An exceptional movie.
Steve McQueen is an auteur of people. Their successes, their triumphs, their despairs, all are often explored in his work, verging from the depths of sexual morality in Shame, to man’s dismissal of morality in 12 Years A Slave. Morality is certainly the word, and Widows, his newest feature, is a more accessible discussion of it; a deep character study in a problematically realistic world, under the skin of an exhilarating heist picture.
When the husbands of a group of women are killed in a disastrous job gone wrong, Veronica (Viola Davis) is left to pick up the pieces of the debt her partner (Liam Neeson) left. She gathers the remaining wives to pull of the multimillion-dollar heist of a lifetime, all while the political race for control of a Chicago ward races on.
The unlikely gathering is a mixing pot of personalities. Veronica is a leader, staring grief in the face and only rarely taking a moment to drain herself of struggle. Linda (Michelle Rodriguez) is a working mum, straggling to keep her family’s life smoothly sailing as her chaotic husband (Manuel Garcia-Rulfo) brings in constant debt. Alice (Elizabeth Debicki) is glorified eye-candy for her man (Jon Bernthal), hiding her black eyes from the abuse at the kitchen table because it makes him “feel bad”, and then falling under his spell in return. In a way though, they’re all the same; they’re women who are treated like pawns at the hands of their significant other. McQueen and co-writer Gillian Flynn (best known for Gone Girl and of late, the outstanding HBO drama Sharp Objects) orchestrate entanglements and relationships that painfully reflect real life nature. “Everything’s just a transaction”, Debicki’s Alice says. Regularly the women do things, and a man looks for something in return, not necessarily as a courtesy, but because they think they deserve it – the consistent recurrence of this conflict throughout Widows rings very true in the #MeToo era.
The film has its origins in a book-turned-miniseries, also of the same name, in the 80s. Just goes to show how seamlessly the transfer of a bulky 33 years is. Naturally, the team on-hand is perfect for the update. Flynn’s contributions to the screenplay are deeply felt, illuminating the script with a grit and furore in the women that plays beautifully against McQueen’s versatility. It isn’t without levity too; Alice questions how she’ll manage to buy a gun, to which Veronica retorts, “It’s America”. They don’t heighten the group’s grief to snatch dramatic gravitas either, it’s hugely emotional without being manipulative – not a single reaction feels off kilter.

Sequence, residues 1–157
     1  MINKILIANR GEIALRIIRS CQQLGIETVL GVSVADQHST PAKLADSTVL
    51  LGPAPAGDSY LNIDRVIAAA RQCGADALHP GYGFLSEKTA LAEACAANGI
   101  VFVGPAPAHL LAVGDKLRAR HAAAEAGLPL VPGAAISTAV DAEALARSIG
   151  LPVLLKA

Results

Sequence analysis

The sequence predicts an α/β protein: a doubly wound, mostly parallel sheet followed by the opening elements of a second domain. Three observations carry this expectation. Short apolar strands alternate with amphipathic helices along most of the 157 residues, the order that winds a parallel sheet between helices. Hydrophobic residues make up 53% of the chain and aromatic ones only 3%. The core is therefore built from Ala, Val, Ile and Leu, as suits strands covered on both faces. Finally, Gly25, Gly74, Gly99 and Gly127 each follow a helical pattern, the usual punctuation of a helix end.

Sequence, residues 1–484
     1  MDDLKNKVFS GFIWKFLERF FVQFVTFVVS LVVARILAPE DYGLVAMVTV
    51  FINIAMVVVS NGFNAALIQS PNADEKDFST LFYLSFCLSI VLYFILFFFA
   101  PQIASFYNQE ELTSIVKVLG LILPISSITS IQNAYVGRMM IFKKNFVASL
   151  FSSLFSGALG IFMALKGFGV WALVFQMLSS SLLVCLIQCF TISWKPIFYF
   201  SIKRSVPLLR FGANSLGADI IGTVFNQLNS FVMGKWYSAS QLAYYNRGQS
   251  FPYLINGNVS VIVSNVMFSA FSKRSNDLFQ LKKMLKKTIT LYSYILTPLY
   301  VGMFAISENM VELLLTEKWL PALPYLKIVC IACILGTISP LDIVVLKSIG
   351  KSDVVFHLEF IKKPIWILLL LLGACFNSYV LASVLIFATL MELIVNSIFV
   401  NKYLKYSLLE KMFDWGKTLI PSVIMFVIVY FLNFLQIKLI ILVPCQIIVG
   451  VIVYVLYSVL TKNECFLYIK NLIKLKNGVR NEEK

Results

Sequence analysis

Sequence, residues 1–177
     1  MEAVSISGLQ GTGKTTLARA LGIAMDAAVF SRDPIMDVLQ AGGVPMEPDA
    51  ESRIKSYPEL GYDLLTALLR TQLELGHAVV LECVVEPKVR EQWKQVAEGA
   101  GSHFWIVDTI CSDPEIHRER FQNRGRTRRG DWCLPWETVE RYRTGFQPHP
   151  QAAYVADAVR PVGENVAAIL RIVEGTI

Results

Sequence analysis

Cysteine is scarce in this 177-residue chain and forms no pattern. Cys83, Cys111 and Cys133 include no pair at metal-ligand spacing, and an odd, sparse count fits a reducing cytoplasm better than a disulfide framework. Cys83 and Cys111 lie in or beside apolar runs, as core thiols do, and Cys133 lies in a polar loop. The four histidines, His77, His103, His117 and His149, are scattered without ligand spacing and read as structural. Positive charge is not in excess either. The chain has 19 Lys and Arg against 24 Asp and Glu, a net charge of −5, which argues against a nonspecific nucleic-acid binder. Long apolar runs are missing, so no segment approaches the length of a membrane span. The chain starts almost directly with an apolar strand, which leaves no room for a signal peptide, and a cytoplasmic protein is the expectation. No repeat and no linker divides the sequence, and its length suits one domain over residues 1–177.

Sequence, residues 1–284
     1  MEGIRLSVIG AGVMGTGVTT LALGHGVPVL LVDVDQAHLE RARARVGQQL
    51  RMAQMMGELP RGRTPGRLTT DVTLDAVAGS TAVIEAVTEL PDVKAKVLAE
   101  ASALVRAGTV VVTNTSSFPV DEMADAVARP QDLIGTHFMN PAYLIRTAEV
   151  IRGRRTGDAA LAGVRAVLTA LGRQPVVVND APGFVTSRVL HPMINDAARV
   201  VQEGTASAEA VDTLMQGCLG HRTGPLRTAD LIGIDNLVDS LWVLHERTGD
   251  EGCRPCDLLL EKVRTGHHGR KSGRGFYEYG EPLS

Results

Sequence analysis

Each and every single one of the women are marvellous, with a much welcomed, if slightly abrupt, late entry from Cynthia Erivo (a performer whose talents deserve to be showcased) complementing the dynamic further. The two standouts are Davis and Debicki, the former stepping into her expectedly commanding shoes, the latter stunning us with brilliant confidence – her character is a testament to pain, and its one virtue at teaching us to be adaptable.
The backdrop to the heist is much more male-dominated. While the deceased crew is more than good in their short screen time (Neeson and Davis share a fairly steamy kiss in the very first scene), the film finds its strongest males in villainy. Whether it’s the crooked combination of father and son politicians, Colin Farrell and Robert Duvall (“Nepotism isn’t illegal” Farrell’s character assures), or more forceful aggressors in the form of Brian Tyree Henry’s opposing frontrunner, they work together. Then, at the top of the balls-in-your-stomach barometer is Daniel Kaluuya, an ice-cold force of evil who could enter Supporting Actor conversations next year. He exhibits the sort of reckless abandon that makes any moment of his presence an anxious moment – an absolutely brutal one-take sequence in a gym hall hits this home.
McQueen’s direction is utterly sublime, not just going for the one long-take, but stuffing his feature to the brim with dense passages that only a master could craft to be so smooth. But what’s very impressive is how accessible it is – it’s not avant-garde, or particularly artsy, but classy. He takes exhilarating action in one hand, intimate character drama in the other, and combines them into an immensely satisfying, muscular piece of work.
The inevitable heist is great too, smartly opting not to go down the Ocean’s route of swish step-by-stepping, and keeping the ordeal firmly rooted in the unpredictability of reality. Zimmer’s score, unusually, doesn’t hold your heart in its hands and would have benefited from a more bombastic touch, similar to that of the trailers. The drama is the focus though, and Sean Bobbitt’s cinematography, an effortless handle on slight graininess and gentle colouring lends the film a classic movie feel, which is appropriate, as this has the legs to be just that.
McQueen and Flynn are masters at work. Rich, powerful and enthralling, with an empowering ensemble – don’t miss it.
Cameron Frew – @FrewFilm